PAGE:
In the operation of the device 3, a hardening of the muscle 22 in the zone engaged by sensor 6a (but unaccompanied by a corresponding stiffening in the region contaced by frame 6b) raises the sensor 6a and, with it,
, and interrupter contacts 13 and 14, thereby operating the associated servomotor and vibrating the contactor 6a with reference to housing 6. When the muscle subsequently relaxes, this circuit is broken so that the controlled prosthetic member (here the hand 50) is caused to remain in the position last reached or returns to its original position under the control of a restoring spring. The fluidtight seal around space 12 prevents any contamination of the contacts by perspiration or other extraneous matter which could interfere with the generation of the proper command signal.
This mode of operation is diagrammatically illustrated in FIGS. 4 and 5 in which the controller 3 has been shown subjected to a contact pressure P, i.e., the force exerted upon it by its mounting springs 20 (FIGS. 2 and 3). This contact pressure gives rise to a muscular reaction force p which in the relaxed condition of muscle 22 (FIG. 4) is substantially evenly distributed so that all body-engaging parts of the controller, i.e., the sensor 6a and the frame 6b, are uniformly loaded. Biasing spring 11 keeps the contacts l3, l4 separated under these circumstances so that the motor circuit remains open. When the muscle 22 is stressed (FIG. 5). the disby the muscle are normally evenly distributed as shown in FIG. 6. In the stressed state of the muscle illustrated in FIG. 7, force P exceeds the forces P, and P;; so that a larger pressure p is required to restore the balance; this involves, of course, the raising of the middle sensor 62 to increase the stress of its biasing spring, as symbolized by the lengthening of arrows p FIG. 8 illustrates the possibility of using three sets of contacts 71, 72, 73, respectively controlled by sensors 61, 62 and 63, for the selective energization of a reversible servomotor from a battery 74 to displace the movable part of the associated prosthetic limb in one or the other direction, depending on a shift in the relative magnitudes of muscular forces p p and p in FIGS. 6 and 7.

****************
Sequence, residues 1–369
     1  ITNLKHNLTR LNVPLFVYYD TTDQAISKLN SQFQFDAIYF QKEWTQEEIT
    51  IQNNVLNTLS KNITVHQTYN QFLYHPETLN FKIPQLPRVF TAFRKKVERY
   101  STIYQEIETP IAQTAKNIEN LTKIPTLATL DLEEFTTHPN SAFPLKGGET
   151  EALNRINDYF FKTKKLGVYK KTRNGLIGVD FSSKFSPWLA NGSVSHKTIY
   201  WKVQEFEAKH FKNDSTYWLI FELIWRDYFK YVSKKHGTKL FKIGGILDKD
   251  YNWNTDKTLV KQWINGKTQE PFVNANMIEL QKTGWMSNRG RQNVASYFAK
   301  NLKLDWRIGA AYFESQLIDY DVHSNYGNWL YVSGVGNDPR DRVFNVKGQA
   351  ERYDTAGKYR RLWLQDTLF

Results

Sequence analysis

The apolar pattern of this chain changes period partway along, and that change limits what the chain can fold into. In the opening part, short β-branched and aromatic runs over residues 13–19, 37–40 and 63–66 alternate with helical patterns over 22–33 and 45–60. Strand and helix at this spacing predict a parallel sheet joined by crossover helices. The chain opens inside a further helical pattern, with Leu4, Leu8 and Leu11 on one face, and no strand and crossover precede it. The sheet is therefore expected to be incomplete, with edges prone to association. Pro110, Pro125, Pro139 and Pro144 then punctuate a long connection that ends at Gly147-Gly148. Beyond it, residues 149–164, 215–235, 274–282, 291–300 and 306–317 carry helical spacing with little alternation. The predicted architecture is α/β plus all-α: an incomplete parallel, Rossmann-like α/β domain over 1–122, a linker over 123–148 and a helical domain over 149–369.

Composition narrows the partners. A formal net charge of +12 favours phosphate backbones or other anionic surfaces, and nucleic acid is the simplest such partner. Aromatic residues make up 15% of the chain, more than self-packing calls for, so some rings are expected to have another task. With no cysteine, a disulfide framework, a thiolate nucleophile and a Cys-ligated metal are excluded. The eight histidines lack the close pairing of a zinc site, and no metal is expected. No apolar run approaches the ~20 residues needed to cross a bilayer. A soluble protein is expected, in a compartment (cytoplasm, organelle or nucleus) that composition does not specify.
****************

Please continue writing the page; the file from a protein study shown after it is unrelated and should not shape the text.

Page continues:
Thus, a stiffening of the left-hand portion of muscle 22 would increase the reaction forces 11,, p with reference to force 12,, thereby closing contacts 71 and 72 to drive the motor 70 in the forward direction; an increased compression resistance in the right-hand part of the muscle would increase the forces p p compared with force p, to close the contacts 72 and 73 for reverse operation. Each set of contacts 71 73 may be similar to the contacts 13, 14 shown in FIG. 2.
The operating circuit of servomotor 70 upon the joint actuation of sensors 61 and 62 can be traced from battery 74 via contacts 72, coil 24a (which corresponds to coil 24 of FIGS. 2 and 3), member 13a of contact pair 71 carrying the armature 23a'(which corresponds to coil 23 of FIGS. 2 and 3), member 14a of contact pair 71, the primary winding of a transformer 26a to ground via a potentiometer 25a driven by motor 70; the secondary winding of transformer 26a is connected to a forward input of motor 70 through a rectifier network schematically illustrated as a diode 27a. An analogous circuit, including coil 24b with armature 23b, contact members 13b, 14b, a transformer 26b, a motor-driven potentiometer 25b and a diode 27b, comes into existence upon the joint actuation of sensors 62 and 63 to drive the servomotor 70 in the reverse direction.
The frequency of the vibrations generated by interrupter 71, 23a, 24a or 73, 23b, 24b depends on the circuit impedances as well as on the mass of the movable elements and the elasticity of the stiffened muscle; this frequency can therefore be modified by varying the muscular tension. As the motor 70 advances the hand 50 from a starting position in what has been referred to above as the forward direction, the effective resistance of potentiometer 25a increases along with the time constant of the electromagnetic circuit so that the vibration frequency is reduced; in a limiting position, in which the slider of the potentiometer moves off its resistor, the current flow through transformer 25a is completely interrupted so that the motor 70 stops. Since the cadence of the pulsations passing the rectifier 27a determines the motor speed, the vibration frequency as felt by the wearer is a measure of that speed as well as an indication of the position reached by the prosthetic limb 50.